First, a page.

MBNA v Jones – Employee Dispute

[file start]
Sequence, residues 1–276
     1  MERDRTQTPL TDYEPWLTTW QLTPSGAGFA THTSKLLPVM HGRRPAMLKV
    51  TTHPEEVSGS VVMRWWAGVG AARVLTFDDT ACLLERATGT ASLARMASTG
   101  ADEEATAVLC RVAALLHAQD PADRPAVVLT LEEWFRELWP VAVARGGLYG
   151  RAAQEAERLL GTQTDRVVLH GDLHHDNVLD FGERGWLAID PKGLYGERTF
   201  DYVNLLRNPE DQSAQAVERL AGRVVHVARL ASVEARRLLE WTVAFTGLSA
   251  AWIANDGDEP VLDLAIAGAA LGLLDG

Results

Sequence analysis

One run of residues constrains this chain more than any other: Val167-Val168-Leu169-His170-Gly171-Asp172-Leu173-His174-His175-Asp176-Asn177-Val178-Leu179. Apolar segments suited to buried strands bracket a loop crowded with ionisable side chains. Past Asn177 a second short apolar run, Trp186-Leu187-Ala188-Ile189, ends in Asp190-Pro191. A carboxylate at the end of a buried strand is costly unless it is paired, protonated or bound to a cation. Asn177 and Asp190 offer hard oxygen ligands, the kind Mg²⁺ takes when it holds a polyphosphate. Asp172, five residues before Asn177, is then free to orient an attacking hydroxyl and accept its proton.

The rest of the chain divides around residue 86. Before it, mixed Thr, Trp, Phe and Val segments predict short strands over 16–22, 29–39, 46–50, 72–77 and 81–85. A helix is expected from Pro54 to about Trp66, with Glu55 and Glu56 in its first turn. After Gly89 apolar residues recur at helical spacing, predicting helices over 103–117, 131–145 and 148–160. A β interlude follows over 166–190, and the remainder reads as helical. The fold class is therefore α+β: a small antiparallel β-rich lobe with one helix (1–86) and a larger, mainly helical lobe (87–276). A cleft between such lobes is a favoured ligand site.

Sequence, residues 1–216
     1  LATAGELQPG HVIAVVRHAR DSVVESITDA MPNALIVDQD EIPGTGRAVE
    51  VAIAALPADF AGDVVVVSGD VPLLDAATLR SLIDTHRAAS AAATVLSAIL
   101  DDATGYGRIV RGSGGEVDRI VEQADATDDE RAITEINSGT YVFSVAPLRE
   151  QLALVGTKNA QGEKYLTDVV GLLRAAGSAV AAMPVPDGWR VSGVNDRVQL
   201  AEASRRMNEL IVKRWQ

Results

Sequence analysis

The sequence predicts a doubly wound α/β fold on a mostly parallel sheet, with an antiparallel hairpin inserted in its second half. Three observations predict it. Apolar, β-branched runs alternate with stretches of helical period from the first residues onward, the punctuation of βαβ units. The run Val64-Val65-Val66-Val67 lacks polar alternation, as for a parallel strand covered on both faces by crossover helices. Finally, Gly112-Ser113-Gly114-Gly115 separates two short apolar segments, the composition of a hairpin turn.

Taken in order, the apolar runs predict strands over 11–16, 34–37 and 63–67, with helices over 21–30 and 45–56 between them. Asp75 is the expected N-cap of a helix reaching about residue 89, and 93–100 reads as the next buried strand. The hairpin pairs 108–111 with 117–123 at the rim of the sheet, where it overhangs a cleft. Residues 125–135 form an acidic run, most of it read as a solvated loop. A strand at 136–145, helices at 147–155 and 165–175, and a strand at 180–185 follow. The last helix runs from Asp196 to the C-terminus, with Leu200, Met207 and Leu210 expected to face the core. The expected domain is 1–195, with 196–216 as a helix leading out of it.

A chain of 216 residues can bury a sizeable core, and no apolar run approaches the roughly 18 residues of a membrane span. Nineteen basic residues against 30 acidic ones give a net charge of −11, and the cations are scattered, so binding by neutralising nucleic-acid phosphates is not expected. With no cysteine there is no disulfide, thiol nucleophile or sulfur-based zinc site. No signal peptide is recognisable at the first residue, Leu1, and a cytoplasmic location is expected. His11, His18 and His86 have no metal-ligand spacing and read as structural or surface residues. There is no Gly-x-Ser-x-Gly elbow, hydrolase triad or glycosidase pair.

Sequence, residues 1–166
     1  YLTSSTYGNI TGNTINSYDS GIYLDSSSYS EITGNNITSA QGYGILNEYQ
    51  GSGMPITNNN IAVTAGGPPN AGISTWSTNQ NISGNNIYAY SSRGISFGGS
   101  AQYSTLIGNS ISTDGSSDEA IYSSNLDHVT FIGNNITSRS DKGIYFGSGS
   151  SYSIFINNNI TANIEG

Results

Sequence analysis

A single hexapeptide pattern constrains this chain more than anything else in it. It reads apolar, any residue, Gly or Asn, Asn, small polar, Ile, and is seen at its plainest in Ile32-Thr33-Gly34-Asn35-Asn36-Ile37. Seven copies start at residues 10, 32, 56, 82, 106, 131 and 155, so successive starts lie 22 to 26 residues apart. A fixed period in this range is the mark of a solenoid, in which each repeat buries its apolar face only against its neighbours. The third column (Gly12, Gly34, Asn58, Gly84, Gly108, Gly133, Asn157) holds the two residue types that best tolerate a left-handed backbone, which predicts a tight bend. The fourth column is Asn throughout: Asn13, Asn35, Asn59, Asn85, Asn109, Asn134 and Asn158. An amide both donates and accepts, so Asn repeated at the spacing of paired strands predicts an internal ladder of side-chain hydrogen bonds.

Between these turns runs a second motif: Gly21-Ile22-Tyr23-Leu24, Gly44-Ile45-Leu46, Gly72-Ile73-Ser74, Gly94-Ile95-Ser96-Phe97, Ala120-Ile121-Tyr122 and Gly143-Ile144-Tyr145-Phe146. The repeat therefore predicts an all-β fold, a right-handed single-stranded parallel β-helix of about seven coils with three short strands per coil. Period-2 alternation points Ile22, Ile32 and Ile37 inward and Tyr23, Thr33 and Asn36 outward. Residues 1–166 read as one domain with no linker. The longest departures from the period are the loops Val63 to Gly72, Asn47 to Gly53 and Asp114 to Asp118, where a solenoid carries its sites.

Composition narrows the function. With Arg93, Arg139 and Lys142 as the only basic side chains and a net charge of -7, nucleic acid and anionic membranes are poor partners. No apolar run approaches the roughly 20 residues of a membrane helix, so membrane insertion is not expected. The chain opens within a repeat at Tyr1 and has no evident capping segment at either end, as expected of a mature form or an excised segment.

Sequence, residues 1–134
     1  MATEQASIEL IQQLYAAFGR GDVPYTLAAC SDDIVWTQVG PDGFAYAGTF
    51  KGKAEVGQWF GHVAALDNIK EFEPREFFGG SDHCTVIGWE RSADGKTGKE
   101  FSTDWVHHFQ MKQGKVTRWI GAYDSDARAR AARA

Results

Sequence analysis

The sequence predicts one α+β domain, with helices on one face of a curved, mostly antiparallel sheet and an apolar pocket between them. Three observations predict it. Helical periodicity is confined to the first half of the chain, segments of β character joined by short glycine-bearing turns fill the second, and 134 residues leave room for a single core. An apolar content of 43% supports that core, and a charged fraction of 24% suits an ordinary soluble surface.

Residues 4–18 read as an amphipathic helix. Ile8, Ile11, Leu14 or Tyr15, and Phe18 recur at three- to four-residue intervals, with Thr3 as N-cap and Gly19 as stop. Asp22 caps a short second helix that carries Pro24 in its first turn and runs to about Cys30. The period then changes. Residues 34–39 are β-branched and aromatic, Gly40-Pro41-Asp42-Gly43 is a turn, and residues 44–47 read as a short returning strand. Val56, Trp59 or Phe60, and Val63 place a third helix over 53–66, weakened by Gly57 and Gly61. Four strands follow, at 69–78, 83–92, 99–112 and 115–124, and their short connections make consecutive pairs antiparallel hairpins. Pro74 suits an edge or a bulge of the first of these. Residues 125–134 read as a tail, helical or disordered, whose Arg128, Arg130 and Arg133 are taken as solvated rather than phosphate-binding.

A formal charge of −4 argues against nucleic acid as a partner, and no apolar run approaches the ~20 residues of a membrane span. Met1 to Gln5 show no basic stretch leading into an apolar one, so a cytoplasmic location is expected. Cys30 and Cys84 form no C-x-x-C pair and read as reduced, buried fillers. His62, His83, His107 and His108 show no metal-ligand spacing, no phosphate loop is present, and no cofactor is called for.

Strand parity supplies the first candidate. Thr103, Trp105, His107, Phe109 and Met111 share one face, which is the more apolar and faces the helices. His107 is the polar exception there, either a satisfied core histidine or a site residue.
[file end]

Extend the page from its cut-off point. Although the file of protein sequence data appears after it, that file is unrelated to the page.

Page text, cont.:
Employee involved in fight with colleague was fairly dismissed even though colleague was not dismissed The Claimant, Jones, was employed by MBNA as a Collections Officer from February 2006. The Respondent organised an event for its 20th anniversary on 8th November 2013. All staff were notified prior to the event that as it was work related all procedures and guidelines relating to behaviour and conduct apply. B, Jones’ colleague, was also present at the event. Jones and B had started drinking alcohol before the event commenced. At the beginning of the event B kneed Jones in the leg, and Jones licked B’s face in return. This was thought to be fun and banter by the staff who witnessed it. Later in the evening, B kneed Jones in the leg again, and Jones punched him in the face. Jones and others left and went to a local club. B sent seven texts to Jones saying the he was waiting outside and will follow him home to “rip his head off”. However, B did not act on these threats, and in fact Jones only received them the following day. Consequently, Jones was dismissed. B only received a final written warning because the employer did not believe he had the intention to follow through on the threats he sent. Jones claimed unfair dismissal. The Employment Tribunal (ET) ruled that Jones’ sanction was excessive in comparison to B’s and therefore the dismissal was unfair. If both Jones and B were dismissed, it said, then both dismissals would have been considered fair. The employer appealed. The EAT held that the ET should have applied s.98(4) of the Employment Rights Act 1996, and thus recognised that there are a range of reasonable responses available to an employer. The question which the ET should have considered was whether the employer’s dismissal of Jones fell within those reasonable responses. Furthermore, the conduct of Jones was not sufficiently similar to B’s conduct, as to give rise to an argument about disparity. Jones’ conduct was during an event where he knew that the employer’s rules and procedures would apply, whereas B’s actions were later that evening and away from the employer’s premises. Overall, the question in front of the ET was not whether B received a sanction which was too minor, but whether Jones’ sanction was reasonable. The EAT found that it was and substituted a finding of a fair dismissal.